FolderChangesView can be used to monitor a selected folder for any changes.

DriverView acts as an alternative for Device Manager and unlike the Device Manager, it lists all the loaded device drivers with extensive information like the load address, file type, etc.

DriverView acts as an alternative for Device Manager.

As the name suggests, LastActivityView displays all the recent activity and events collected from different Windows sources in a single user interface.

 LastActivityView displays all the recent activity and events.

WhatInStartup is a powerful alternative for the regular Windows Startup manager. This application displays a range of information about the command-line string, the registry location, file system, etc. WhatInStartup also includes a Permanent Disabling feature, which allows you to disable an app permanently.

WhatInStartup is a powerful alternative for the regular Windows Startup manager.

That’s all for now and hopefully that helps. Do comment below sharing your own favorite NirSoft utilities.

6 comments

  1. One of my favorite NirSoft tools is TurnedOnTimesView. It scans the event log and pulls out all of the reboot events, displays them in an HTML view and lets you export to csv. This really comes in handy when troubleshooting an issue that involves a reboot, either as part of the issue or user-initiated to clear up the issue. It also displays the shutdown reason (if given) and the times between reboots to help establish a pattern.

    We recently had a user that claimed a certain server was rebooting several times a week causing an outage. I knew we had an issue and was already building a replacement server but thought it was more like twice a month. TurnedOnTimesView showed me it was about once every 1.5 weeks. I didn’t report that to the user but my manager saw the report and said to spend my time on the new server as they can live with a few reboots a month.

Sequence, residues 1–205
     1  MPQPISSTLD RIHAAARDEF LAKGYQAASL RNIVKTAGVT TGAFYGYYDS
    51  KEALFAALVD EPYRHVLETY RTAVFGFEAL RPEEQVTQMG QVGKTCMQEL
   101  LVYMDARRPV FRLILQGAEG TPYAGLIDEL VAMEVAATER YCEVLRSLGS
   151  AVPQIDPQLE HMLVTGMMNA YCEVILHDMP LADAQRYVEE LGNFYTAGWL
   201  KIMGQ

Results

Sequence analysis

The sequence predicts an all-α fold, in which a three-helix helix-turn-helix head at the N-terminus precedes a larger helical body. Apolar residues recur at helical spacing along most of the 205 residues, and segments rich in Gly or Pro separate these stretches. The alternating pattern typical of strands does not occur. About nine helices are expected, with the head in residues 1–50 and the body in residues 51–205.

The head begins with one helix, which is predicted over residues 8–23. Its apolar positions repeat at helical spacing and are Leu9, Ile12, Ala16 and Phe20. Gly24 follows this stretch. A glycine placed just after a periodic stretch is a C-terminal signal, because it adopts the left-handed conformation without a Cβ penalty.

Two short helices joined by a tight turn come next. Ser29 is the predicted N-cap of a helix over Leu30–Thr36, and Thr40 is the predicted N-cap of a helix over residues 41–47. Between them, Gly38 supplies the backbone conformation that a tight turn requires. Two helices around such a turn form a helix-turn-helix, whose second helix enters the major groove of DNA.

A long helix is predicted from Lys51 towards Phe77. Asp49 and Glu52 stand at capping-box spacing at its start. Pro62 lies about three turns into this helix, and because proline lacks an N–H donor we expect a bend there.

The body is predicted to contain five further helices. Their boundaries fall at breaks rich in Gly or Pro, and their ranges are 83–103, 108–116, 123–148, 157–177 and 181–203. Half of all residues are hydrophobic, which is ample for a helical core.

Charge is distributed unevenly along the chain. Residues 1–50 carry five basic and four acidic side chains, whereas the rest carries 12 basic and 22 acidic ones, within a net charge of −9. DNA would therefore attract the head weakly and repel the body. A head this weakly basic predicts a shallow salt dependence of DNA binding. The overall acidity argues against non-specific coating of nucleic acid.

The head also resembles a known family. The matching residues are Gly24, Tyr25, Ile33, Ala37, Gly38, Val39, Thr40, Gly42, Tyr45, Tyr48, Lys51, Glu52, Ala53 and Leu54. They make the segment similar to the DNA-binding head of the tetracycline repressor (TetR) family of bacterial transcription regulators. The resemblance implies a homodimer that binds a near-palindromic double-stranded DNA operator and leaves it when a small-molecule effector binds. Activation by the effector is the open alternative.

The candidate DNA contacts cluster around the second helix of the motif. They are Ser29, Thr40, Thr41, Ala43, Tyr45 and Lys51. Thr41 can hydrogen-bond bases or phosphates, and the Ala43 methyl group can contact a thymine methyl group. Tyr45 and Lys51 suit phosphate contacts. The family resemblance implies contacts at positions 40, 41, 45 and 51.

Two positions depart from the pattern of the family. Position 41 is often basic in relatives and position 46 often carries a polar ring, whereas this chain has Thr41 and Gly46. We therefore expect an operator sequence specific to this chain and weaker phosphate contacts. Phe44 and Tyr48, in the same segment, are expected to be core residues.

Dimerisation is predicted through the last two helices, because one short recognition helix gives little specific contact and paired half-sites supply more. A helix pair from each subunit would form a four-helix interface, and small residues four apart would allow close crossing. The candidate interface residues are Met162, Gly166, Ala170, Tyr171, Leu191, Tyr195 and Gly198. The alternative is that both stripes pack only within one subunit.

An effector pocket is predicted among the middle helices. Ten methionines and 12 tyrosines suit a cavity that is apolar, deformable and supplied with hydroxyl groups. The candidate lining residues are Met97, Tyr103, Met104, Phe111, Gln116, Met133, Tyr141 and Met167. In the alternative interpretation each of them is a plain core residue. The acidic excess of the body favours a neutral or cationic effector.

In addition to your list, I also use BlueScreenView and NK2Edit. I recommend subscribing to their blog so you hear about new tools and updated versions.

  2. LOL, I have 15 NirSoft apps in my usb drive, and none of them are in your list! My favorite NirSoft utilities are domainhostingview (to find info on domains, and to find the email address to complain if the domain owner is sending spam), iconsext (extract icons from files and folders), produkey (to view and save Windows and MS Office product keys), quicksetdns (to change DNS servers, I have several saved including Google DNS, Norton DNS, OpenDNS, censurfridns, OpenNIC, etc.), and WNetWatcher (to see all the devices connected to my Wifi).

  3. I disagree that these are utilities that “every” user should have.
    I doubt that as many as 5% could interpret S.M.A.R.T. information, which is useless anyway unless you compare the information over time.
    How many people in your organisation could do useful problem solving with BlueScreenView?
    These are useful to tech support, dangerous in the hands of dablers, and mostly meaningless to the average Joe/Jane User.

  4. What annoys me about Nirsoft programmes is that as you say, some AV progs are triggered when you download/run them. This has been going on for ages and they have done nothing about it which makes me suspicious.

  5. Steve, you are an idiot. NirSoft programs are flagged based on the potential rather than actual. All Nir Sofer’s programs are perfectly safe, have you never heard of false positives?

  6. I do agree that there are some very useful NirSoft utilities, great comments. Why do you suppose that the “False Positives” have not been fixed? I tried running some of the tools off NirLauncher, and the local security software recognize them as threats and deleted them from my USB, had to go unzip the package and start all over. I was in an enterprise environment, so I do not have the capability to disable the AV, so I sure wish that those issues would get resolved. The utilities work great on “Stand-Alone” machines, but not in the enterprise environment.